RCA Photography Graduate, Michal Bar-Or on being a Saatchi New Sensations Finalist and her New Commission
13 September 2013 – Royal College of Art Photography graduate Michal Bar-Or is one of four graduate fine art finalists commissioned to produce work for The Saatchi Gallery’s annual New Sensations exhibition next month.
Along with Glenn Kennedy, Glasgow School of Art; Rosie O'Grady, Glasgow School of Art and Jack Stanton from Oxford University, The Ruskin College, Michal will create a piece for the show, and work with Channel 4 to make a short film about her work. Michal follows in the footsteps of fellow Photography alumnus, Jonny Briggs, who won the New Sensations prize in 2011. Here, we talk to her about her work and the RCA, her recent win and her upcoming commission for New Sensations.
Tell us about your time at the RCA. What sort of topics did you explore?
'I was studying on the Photography programme at the RCA until June this year. Relocating from Israel-Palestine to London and studying at the RCA had a huge influence over my research and on my artistic practice. My practice beforehand, which was based on direct photography, was made in and about this sensitive land that I call home. Suddenly my subject matter was far away. I was trying to search for traces, for places in which I can find evidences of my homeland within London.
London was the capital of the British mandate in Palestine – Eretz Israel. This city contains a huge amount of documents from and about my home land, hidden between different archives and museums. Those documents are, however, very different from the ones you can find in Israel or Palestine.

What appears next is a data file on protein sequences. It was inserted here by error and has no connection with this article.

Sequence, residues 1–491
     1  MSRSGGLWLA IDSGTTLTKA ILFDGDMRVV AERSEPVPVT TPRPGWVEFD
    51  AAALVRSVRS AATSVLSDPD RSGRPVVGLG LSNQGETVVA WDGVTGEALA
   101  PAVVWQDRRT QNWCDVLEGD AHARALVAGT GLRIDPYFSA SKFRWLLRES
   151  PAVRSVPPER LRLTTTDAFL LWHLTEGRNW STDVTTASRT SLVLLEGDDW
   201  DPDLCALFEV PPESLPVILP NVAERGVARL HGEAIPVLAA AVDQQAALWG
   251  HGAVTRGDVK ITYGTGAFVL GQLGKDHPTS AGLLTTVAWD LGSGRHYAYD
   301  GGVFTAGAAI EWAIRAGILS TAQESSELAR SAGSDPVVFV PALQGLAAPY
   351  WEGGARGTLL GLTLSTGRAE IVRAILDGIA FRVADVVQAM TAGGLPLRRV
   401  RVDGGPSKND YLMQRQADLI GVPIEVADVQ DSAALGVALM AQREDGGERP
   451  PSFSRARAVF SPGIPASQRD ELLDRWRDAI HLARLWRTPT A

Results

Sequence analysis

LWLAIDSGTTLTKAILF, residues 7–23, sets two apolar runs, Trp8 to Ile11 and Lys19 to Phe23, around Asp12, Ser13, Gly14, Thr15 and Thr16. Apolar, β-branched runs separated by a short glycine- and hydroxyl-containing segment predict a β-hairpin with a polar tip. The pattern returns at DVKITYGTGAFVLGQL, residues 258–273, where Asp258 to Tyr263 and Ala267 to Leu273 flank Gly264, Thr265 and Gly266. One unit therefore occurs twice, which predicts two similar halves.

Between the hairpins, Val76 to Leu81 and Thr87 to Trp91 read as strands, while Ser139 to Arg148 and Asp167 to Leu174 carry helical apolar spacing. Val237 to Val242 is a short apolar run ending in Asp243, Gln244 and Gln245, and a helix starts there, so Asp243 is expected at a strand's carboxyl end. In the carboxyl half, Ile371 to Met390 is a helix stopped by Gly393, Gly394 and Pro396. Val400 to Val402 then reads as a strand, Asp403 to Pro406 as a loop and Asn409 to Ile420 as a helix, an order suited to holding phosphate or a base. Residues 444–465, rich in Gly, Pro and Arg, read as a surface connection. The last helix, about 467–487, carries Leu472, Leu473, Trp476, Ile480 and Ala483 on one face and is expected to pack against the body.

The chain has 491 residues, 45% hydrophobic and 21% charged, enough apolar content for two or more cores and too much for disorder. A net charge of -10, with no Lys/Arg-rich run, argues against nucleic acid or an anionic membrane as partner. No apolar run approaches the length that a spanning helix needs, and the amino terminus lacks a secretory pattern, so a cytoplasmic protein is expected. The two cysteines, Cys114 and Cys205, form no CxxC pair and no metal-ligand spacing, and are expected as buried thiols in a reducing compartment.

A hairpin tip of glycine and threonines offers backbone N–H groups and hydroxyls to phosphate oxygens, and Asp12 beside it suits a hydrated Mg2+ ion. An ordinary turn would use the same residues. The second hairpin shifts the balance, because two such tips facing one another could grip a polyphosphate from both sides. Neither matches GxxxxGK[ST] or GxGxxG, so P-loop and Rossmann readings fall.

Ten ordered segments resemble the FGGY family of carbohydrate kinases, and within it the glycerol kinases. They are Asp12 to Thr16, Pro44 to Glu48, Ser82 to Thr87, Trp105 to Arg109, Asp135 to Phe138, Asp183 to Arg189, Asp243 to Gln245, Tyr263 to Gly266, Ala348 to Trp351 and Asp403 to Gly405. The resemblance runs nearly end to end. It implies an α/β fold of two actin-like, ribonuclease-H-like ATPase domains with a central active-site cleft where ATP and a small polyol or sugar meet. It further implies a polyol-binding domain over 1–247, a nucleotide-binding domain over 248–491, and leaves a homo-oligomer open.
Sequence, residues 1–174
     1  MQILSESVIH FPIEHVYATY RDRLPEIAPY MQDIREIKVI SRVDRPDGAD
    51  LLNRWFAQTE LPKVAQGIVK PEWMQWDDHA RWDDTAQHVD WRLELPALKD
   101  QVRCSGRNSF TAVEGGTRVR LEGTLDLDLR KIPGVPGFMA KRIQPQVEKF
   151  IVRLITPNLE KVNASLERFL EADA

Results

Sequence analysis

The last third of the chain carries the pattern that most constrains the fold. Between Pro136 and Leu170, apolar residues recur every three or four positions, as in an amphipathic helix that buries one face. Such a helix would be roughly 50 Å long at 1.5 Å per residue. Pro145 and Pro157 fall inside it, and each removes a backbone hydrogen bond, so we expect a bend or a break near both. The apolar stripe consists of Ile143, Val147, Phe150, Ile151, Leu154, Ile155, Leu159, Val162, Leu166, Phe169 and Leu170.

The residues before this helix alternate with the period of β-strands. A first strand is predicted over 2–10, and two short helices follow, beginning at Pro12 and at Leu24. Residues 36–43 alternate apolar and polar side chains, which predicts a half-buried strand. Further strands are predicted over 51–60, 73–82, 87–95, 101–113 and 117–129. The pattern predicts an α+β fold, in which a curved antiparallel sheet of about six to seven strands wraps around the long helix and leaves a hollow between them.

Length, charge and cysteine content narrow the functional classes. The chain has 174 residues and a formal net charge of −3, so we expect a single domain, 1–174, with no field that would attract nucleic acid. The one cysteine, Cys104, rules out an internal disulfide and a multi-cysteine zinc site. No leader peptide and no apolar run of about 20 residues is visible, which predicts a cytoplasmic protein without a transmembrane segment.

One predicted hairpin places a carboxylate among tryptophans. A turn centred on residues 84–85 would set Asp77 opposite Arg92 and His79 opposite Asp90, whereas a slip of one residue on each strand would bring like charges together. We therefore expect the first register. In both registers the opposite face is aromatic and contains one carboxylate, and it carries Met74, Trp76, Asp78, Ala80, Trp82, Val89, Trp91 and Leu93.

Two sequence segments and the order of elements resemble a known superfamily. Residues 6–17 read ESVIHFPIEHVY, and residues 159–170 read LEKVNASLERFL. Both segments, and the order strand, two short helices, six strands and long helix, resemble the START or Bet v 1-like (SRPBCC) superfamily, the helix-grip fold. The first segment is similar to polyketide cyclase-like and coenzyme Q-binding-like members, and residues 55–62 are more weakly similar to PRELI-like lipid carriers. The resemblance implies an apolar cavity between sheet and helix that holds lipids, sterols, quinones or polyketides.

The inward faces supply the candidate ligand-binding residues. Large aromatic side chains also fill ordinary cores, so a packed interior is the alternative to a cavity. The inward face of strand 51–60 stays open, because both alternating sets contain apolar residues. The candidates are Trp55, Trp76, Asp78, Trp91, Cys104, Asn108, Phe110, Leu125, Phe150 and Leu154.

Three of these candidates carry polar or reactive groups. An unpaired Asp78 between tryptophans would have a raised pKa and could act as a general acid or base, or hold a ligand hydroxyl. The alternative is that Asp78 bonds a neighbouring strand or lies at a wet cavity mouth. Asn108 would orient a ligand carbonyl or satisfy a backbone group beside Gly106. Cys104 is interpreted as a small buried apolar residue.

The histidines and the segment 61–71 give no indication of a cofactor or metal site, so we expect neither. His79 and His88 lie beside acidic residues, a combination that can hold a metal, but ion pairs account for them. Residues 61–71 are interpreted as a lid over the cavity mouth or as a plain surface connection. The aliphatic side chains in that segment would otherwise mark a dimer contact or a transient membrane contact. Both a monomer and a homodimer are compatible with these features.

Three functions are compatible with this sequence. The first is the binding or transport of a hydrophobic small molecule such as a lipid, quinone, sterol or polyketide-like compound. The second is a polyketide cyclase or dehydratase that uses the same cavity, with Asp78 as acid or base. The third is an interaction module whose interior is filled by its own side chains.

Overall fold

The work I did while at the RCA was with archival photographs. The archive allowed me to look at the first European attempts to transform the notion of the land by creating evidential links between the physical landscape and the Bible. This transformation still affects the reality and the politics of the region today. Archaeology was one of the tools for this transformation, as it created material evidence that could transform the biblical stories into historical facts.
For my final project, I created a group of works that function together as an installation. In each work I used different conceptual and material approaches to challenge, disrupt and intervene with those past archeological documents to rethink our notion of the land and our relationship to it. The works continually challenge the validity of what we perceive as objective historical documentation.
The work reflects upon my own identity. It exposes the dual relationship I have with my motherland as both a daughter of colonialists (Zionists), and as a native. I don't know any other home.'
How did you get selected for New Sensations?